The Lamb in Glory
“The throne of God and of the Lamb” (Revelation 22:1).
The Lamb is Worthy
In Revelation 5 the Apostle John continues the story of the Lamb. John is carried in spirit into Heaven, and there he beholds in the right hand of God a book. The question is addressed to the assembled hosts of Heaven: “Who is worthy to open the book?” (v. 2). Searching through all the myriads of the redeemed, John can find “no man in Heaven” worthy to open the book. Then John searches through earth, but no worthy man is found. John begins to weep, but he hears one of the elders saying, “Weep not: behold the Lion of the tribe of Judah, the root of David, hath prevailed to open the book”
(v. 5). John turns to the throne expecting to see the all-prevailing Lion, but “in the midst of the throne … stood a Lamb as it had been slain” (v. 6). The Lion that prevails is the Lamb that was slain!
On earth John had heard the words, “Behold the Lamb of God” spoken by John the Baptist. He had followed the Lamb in His humiliation. He had stood at the foot of the cross and been a witness of the Lamb in His sufferings. He had seen Him when men pierced His hands and feet. He had seen Jesus as the risen Man on the evening of the resurrection day when Jesus showed His disciples the wound marks in His hands and feet. Now, transported to heaven, surrounded by the vast host of the redeemed, and ten thousand times ten thousand and thousands of thousands of angels—in the very center of heavenly glory—he sees “a Lamb as it had been slain.” He sees Jesus with the wound marks in His hands and feet, the only Man in all that eternal glory who will bear any trace of the sorrows of time.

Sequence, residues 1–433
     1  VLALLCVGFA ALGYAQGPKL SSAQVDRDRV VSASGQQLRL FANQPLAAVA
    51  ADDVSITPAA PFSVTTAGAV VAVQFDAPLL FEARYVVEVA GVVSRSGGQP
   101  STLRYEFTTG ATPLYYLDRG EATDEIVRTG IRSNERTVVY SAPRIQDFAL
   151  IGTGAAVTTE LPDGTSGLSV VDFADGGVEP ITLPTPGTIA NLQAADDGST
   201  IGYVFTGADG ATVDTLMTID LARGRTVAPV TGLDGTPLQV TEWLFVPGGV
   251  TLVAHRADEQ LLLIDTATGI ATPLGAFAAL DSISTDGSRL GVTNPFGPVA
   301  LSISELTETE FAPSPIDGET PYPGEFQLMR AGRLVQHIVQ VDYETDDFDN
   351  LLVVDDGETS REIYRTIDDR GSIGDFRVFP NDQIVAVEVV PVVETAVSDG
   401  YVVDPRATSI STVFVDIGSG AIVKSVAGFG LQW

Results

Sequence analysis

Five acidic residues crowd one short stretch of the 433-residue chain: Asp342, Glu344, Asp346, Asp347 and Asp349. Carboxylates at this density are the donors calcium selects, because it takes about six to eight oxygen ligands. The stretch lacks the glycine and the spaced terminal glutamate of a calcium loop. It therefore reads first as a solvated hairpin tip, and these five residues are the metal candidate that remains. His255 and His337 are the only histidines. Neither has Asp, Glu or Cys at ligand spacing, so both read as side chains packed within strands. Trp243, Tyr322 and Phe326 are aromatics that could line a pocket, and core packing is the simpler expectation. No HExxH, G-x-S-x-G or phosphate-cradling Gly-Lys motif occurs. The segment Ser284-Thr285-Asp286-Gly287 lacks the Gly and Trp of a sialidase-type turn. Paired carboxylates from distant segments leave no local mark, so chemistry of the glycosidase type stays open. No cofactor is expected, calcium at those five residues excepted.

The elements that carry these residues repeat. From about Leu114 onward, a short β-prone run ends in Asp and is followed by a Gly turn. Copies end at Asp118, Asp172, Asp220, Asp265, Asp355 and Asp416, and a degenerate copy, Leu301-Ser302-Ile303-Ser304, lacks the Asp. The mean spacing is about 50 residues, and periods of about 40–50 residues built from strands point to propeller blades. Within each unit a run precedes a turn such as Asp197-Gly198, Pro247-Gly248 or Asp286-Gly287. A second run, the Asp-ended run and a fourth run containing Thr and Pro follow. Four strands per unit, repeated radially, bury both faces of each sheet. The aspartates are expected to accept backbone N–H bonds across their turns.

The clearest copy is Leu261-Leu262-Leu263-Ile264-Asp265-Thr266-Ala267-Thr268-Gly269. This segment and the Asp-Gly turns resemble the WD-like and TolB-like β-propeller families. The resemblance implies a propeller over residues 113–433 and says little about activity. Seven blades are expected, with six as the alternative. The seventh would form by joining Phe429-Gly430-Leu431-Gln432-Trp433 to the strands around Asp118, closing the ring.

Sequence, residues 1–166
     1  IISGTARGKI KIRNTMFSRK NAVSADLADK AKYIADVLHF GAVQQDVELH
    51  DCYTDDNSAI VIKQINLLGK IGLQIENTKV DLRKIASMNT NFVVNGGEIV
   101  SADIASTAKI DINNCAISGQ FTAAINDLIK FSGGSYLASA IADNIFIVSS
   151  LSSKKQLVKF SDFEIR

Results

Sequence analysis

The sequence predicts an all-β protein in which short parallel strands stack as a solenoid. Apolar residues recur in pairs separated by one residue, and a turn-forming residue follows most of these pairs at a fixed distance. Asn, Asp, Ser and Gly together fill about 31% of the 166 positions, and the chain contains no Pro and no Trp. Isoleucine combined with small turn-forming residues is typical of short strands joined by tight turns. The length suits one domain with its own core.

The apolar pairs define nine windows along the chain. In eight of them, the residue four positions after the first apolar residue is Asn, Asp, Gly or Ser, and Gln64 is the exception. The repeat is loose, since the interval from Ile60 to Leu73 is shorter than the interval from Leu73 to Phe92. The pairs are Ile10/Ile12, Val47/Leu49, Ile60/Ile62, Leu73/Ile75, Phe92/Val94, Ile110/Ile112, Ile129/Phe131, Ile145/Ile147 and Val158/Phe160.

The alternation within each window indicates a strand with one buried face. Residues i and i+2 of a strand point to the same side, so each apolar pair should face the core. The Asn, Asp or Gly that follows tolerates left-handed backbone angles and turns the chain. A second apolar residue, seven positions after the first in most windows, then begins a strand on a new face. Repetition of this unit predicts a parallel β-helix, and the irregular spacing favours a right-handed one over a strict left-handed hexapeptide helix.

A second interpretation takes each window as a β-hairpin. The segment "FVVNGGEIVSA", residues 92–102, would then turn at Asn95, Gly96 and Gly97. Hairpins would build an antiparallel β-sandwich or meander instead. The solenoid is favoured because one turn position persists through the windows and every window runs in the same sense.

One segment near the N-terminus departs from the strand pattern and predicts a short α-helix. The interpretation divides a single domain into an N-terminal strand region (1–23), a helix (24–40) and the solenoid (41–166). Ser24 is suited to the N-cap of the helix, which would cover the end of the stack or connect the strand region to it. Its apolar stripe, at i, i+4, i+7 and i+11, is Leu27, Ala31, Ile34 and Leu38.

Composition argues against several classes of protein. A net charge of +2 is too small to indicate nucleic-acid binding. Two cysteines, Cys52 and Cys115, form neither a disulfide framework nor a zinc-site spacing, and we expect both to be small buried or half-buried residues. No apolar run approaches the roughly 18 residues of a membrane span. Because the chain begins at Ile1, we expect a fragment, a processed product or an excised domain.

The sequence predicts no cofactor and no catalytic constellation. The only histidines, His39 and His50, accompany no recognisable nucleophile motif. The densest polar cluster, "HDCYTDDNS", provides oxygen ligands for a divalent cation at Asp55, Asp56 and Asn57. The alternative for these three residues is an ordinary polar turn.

As John gazes with adoring wonder, he hears the great host of the redeemed break forth into song—the new song—the song of the Lamb, saying, “Thou art worthy to take the book, and to open the seals thereof: for Thou wast slain, and hast redeemed us to God by Thy blood out of every kindred, and tongue, and people, and nation” (v. 9).
The angels cannot sing this song, neither can they keep silent when it is sung, and so John hears a fresh burst of praise in which all Heaven joins—the living creatures, the blood-bought saints, the angels—all join as with a loud voice they cry, “Worthy is the Lamb that was slain to receive power, and riches, and wisdom, and strength, and honour, and glory, and blessing” (v. 12).
Earth cannot remain silent when Heaven is telling the glories of the Lamb, and so there falls upon John’s ears another burst of praise. This time all created beings in heaven and earth join in one great anthem of praise to God and the Lamb, saying, “Blessing, and honour, and glory, and power, be unto Him that sitteth upon the throne, and unto the Lamb for ever and ever” (v. 13). The four living creatures add their “Amen” to this threefold burst of praise, and the blood-bought saints, with hearts filled to overflowing “fell down and worshipped Him that liveth for ever and ever” (v. 14).
The Lamb is Mighty